Is The Private Student Loan Market As Bad As It Seems?
Career College Central summary:
According to a new study from student loan analyst MeasureOne, the private student loan market may be doing better than previously reported. By analyzing data from seven of the largest private student lenders, the nonprofit data company found the outstanding balance of private loans has essentially leveled off since 2011, while that of federal loans has consistently increased since 2008. Outstanding balances from those seven lenders make up about 6 percent of all outstanding student loan debt. Overall, private student loans account for about $90 billion, or 8 percent of the $1.1 trillion in outstanding student debt.
Seven private lenders — Discover Bank, The First Marblehead Corporation, PNC Bank, RBS Citizens, Sallie Mae, SunTrust Banks, Inc., and Wells Fargo Bank — provided data to MeasureOne for the report.
The number of undergraduate students taking out private loans has decreased from its peak of 14 percent in the 2007-08 school year, to 6 percent in the 2011-12 school year, the report found. Meanwhile, the share of undergraduates taking out federal loans increased from 35 percent in 2007-08 to 40 percent in 2011-12.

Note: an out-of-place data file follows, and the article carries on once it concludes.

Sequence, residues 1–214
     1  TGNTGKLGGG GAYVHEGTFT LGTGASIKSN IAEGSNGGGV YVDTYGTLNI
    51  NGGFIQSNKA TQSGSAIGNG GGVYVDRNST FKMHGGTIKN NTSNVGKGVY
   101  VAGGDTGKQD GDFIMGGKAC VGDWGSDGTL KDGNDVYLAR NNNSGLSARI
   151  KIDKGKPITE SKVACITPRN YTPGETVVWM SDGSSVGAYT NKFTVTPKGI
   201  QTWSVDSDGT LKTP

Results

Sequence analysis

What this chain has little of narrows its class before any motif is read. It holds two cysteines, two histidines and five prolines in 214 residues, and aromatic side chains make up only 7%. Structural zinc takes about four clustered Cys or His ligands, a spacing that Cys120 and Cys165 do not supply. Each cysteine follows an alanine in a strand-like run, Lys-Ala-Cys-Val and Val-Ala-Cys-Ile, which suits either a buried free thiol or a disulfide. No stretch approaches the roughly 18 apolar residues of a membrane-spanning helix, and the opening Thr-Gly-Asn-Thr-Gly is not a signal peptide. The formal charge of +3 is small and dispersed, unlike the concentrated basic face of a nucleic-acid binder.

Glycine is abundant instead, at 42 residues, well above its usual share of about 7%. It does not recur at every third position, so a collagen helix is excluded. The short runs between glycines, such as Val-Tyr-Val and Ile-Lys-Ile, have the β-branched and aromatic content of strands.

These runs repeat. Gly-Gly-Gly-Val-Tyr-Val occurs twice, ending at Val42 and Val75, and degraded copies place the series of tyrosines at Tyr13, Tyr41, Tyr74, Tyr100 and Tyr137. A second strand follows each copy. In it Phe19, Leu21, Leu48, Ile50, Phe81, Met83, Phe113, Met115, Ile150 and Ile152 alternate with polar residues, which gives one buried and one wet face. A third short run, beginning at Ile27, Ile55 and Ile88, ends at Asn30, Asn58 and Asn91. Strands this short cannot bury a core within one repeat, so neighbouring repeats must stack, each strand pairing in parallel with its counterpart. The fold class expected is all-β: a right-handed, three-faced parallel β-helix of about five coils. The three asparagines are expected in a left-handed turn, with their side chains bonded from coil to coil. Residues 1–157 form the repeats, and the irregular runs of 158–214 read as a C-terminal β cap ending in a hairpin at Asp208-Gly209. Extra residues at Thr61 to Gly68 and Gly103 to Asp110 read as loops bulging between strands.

The private student loan market, which boomed in the years leading up to the financial crisis, typically doesn't offer the same consumer protections as the federal student loan market, and has drawn harsh criticism from student advocacy groups and government agencies.
The Consumer Financial Protection Bureau has zeroed in on consumer complaints that detail borrowers' expressed inability to repay their private loans. Unlike federal loans, private loans typically don't have income-based repayment plans, and are more difficult, if not impossible to refinance.
Click through for full article content.
U.S. NEWS & WORLD REPORT